1/ Adef1ned resolution must be ootatnec
2/ The analysis must be completed in the minimum time
3/ The analysis must be completed with the minimum solvent
INSTRUMENT CONSTRAINTS
InIet Pressure
Maximum Column Load
Multipath Packing Factor
Longitudinal Diffusion Packing Factor
Column Mobile Phase Fraction
ELECTIVE VARIABLES
Separation Ratio of the Critical Pair
Capacity Ratl0 of the Flrst Peak of the PaIr
Capacity Ratio of the Last Eluted Peak
Dtrrustvttv of Solute in Mobile Phase
Viscosity of Mobile Phase
LIMITING CONDITIONS
690 p.s. i
5g
0,65
0,8
0.65
1.09
2.5
5
0,000035 sq.crn per sec
0.023 Poises
Particle Diameter Range 5100 micron
Column length Is less t.han 150cm
Column Aspect Ratio L/R must be greater than unity
The Analysis Time must lie between 1 minute and 1 hour
COLUMN SPECIFICATIONS
Optimum Column Radius
Optimum Column Length
Optimum Particle Diameter
9.20 cm
("\ 7(\ ~ ' " ' "
~ .JV ....111
9,00 um
,.,.
ANALYTICAL SPECIFICATIONS
Minimum Analysis Time
Column Efficiency
Opt Irnurn FlowRate
Maximum SampIe Volume
Solvent Consurnptton per Analysis
Column Wall Thickness
Column WeIght
1010min
3871
961 ml/rntn
100 ml
9695 ml
020 cm
852g
(It shouldbe noted that the column weight doesnot include flanges)
The program can be modified slightly, to calculate the minimum analysis
time required to isolate 5 gram of material, at a qiven tnlet pressure, from
a series of mixtures of differing separation difficulty. The results obtatnec
are shown as curves relating separation time to separation ratio in figure 5.
FIgure 5
Graph of Analysts TIme agatnst separatton Ratio for a Load of 5g
60
I)
50
..,
:::I
C

J: 40
c:

•
30
E
to
20
...

10
D
c:
C
0
1.0 1.1 1.2 1.3
Separat10n Rat10
Figure 5 Shows that here ts a rnintrnum in the analysis ttrne at a separanon
__ .... ... #" _"" .... i AI: l ......I., 1 __ "..,.. ................ "' .......... IIlI"'oL. "I" ...... lI"' ...... l ..... ...... """" ,.."1,."",,,, ..
1 G1I..1V VI G1UVIJI. t,VU, I'tVVV. II VIII I.IIC 1.1ICVI Y VI GlIIGlIYI.I\;QI \"VIUIIIII Il,.
wouro be expected that, lf the column was fully opttrmzed, the analysis
time would decrease conttnuouslv as the separation ratio of the critical
pair increased, The reason that a minimum exists in figure 5 arises from the
ltrnttattons place on the column by the rntmrnum aspect ratio of unity and
258
the minimum column length of 5 em. Thus, as the load of 5 gram requires a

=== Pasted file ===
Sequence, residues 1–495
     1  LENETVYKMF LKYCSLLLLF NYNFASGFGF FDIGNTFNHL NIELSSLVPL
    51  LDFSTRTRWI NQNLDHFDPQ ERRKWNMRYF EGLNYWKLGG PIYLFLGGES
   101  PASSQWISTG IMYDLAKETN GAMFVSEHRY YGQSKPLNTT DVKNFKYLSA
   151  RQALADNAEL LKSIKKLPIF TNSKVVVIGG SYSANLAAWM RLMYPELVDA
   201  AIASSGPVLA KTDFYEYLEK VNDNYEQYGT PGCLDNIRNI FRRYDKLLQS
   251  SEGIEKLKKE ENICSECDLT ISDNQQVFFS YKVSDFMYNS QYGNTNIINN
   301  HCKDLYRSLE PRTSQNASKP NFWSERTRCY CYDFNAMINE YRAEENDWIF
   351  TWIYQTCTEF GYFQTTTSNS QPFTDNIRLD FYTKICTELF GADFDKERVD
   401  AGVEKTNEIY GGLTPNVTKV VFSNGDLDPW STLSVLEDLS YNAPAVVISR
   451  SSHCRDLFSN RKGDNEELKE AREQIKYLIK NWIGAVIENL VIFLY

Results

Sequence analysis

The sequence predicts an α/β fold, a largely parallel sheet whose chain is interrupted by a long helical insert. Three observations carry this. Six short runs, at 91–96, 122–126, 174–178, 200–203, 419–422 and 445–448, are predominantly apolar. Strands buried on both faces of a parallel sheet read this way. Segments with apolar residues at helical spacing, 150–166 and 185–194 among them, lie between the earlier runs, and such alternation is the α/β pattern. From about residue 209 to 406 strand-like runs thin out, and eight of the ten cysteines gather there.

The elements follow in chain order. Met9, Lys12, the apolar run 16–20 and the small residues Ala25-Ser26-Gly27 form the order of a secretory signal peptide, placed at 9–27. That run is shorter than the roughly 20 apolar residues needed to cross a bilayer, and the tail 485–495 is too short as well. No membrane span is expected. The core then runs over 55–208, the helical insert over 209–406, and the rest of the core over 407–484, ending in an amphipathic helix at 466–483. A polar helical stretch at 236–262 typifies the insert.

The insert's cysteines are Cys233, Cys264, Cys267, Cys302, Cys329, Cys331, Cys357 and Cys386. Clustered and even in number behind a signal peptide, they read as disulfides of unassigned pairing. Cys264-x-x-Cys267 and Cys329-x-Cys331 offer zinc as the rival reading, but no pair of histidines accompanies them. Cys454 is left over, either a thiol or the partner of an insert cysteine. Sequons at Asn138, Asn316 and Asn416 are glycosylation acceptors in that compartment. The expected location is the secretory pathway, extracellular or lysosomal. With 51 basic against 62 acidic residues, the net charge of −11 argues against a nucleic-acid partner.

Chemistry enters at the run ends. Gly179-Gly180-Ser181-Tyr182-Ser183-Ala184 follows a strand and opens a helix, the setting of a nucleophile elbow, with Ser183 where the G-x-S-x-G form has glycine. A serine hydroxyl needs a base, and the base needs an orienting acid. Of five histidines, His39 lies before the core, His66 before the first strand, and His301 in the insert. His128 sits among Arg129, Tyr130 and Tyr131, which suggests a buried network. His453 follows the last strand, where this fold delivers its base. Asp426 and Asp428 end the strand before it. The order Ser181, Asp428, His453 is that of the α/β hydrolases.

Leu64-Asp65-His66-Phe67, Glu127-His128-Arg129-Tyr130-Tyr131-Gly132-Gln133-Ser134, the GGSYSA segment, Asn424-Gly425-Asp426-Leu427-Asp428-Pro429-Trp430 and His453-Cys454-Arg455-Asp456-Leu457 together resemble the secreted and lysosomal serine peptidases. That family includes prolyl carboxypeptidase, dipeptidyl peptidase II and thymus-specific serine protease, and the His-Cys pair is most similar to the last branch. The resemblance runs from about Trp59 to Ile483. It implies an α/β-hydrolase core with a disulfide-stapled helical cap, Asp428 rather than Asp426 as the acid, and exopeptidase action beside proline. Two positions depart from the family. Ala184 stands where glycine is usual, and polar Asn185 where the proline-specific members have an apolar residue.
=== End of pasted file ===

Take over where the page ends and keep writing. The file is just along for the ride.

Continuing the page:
column of specific ciameter to avoid undesirable peak dispersion, the
column can not be reduced to the optimum length without rendering the
column aspect ratio less than unity. As a result the column length must be
greater than the optimum causing an extension of the analysis time. ThiS
situation is exacerbated as the separation ratio increases.
The program can also be modified to show how the optimum pressure
required to effect the preparative separation of 5g of material in the
minimum time, changes with the separation ratro.or the critical pair. The
results are shown in figure 6 as curves relating the logarithm, of the inlet
pressure to the seoarat i on ratio.
Figure 6
o Column 5
1.3 1.2 1,1

.
=e
...I 0
1.0
.
4
Graph of Log. Inlet Pressure against Separation Ratio for a Load of 59
5.,.....
separat Ion Rat 10
Figure 6 Shows the effect of the three ltrruts Imposed on the column oesicn,
the need to maintain an aspect rat to greater than unity) restricts the column
length to a minimum of 5 cm and confines the analysts time to between one
minute and one hour. without the restriction, the column with the mtrnrncm
analysis time would be operated at the maximum pressure available.
However, as a result of the limitation on column length) the optimum
pressure must be reduced to allow the optimum particle diameter to be
trcreased This, in turn, allows the column length to be increased to
21)9
maintain a column aspect of unity while achieving the rntnimum practical
analysis time and the required column loading. !t is seen that the